repeal of the Corn Laws and the defeat of Chartism some kind of parliamentary reform was inevitable, so what was at
issue was the pace of reform and the shape that it would take.
The reform movement was predominantly extra-parliamentary and comprised an alliance of manufacturing capital, the
middle-class and the organised elements of the working-class. After an abortive initiative in the early 1850s the reform
movement got under way towards the end of the decade. However, the essential condition for success was the
suppression of the differences between the working class and Radical elements and the acceptance by the working-class
of middle-class leadership. The basis of this acceptance was the growth of trade unionism.
Trade unionism enjoyed a very rapid revival in the wake of the economic crisis of 1857--8, which precipitated
demonstrations by the unemployed in London. The London builders' strikes of 1859--61 inaugurated a nationwide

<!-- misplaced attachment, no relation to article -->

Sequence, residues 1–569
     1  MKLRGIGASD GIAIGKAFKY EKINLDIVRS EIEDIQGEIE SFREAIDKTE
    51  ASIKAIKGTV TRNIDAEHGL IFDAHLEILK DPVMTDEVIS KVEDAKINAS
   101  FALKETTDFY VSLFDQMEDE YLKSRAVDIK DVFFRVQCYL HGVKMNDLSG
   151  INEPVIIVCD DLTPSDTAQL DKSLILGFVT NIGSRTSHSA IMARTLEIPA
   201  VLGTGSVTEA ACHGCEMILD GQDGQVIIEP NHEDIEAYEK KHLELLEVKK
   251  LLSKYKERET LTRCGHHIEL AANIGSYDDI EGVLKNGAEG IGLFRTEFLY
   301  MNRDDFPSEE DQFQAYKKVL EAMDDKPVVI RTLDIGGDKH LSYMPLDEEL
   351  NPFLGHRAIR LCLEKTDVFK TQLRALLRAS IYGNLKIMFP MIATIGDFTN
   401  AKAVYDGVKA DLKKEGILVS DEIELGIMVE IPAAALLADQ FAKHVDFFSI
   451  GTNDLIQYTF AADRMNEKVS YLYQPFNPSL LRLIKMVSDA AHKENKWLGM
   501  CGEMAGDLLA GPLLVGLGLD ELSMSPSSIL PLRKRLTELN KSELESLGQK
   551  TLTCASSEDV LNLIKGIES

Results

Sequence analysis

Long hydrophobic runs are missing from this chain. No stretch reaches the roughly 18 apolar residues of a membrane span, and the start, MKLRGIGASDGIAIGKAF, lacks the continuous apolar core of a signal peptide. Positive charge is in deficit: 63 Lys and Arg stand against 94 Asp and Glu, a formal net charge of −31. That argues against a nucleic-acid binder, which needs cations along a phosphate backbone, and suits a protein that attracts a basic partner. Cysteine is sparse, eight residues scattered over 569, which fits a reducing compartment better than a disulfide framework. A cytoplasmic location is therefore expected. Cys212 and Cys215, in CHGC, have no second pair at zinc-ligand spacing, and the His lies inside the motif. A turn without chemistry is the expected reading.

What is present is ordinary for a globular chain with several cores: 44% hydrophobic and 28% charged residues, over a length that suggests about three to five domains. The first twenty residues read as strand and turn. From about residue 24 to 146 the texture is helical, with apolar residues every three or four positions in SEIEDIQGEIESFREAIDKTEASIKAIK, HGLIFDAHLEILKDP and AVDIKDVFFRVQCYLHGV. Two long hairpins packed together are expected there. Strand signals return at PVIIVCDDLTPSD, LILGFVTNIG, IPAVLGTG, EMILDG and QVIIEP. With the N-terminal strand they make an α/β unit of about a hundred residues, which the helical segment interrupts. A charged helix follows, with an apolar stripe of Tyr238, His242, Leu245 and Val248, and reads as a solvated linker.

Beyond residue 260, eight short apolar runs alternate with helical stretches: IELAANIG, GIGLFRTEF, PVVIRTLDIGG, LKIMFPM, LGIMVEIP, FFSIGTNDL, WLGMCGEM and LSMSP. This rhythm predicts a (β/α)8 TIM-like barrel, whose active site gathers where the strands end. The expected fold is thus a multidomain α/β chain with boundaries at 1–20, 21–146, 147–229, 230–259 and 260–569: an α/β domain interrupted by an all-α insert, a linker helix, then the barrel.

agitation for a shortening of the working-day through which working-class organisations proliferated rapidly. The
Sheffield `outrages' of 1861--2, in which trade unions tried to impose collective discipline on the workers, revived fears
of the unions and initially hardened resistance to reform, but on the other hand sharpened the contrast between
irresponsible unionism and the respectable self-improving trade unionism exemplified by the Amalgamated Society of
Engineers. The reform movement was given an enormous boost by the victory of the North in the American Civil War,
and of the Polish and Italian Revolutions in 1863 and 1864. Industrial unrest increased in 1864 and 1865, most
dramatically with the strike and lock-out of the ironworkers.
These industrial developments were closely connected with the reform agitation, for the trade unions were developing
within a hostile legal environment. Thus trade unionists had immediate cause to seek parliamentary reform in order to
remove the restrictive laws and to force the introduction of enabling legislation. ln such circumstances, and most
urgently with a legal decision of 1867 that attacked trade union funds, the organised working-class was prepared to
abandon its demand for universal manhood suffrage and accept more limited reforms proposed by the Radical
leadership. On the other hand, parliamentary resistance to effective reform forced the Radicals to rely increasingly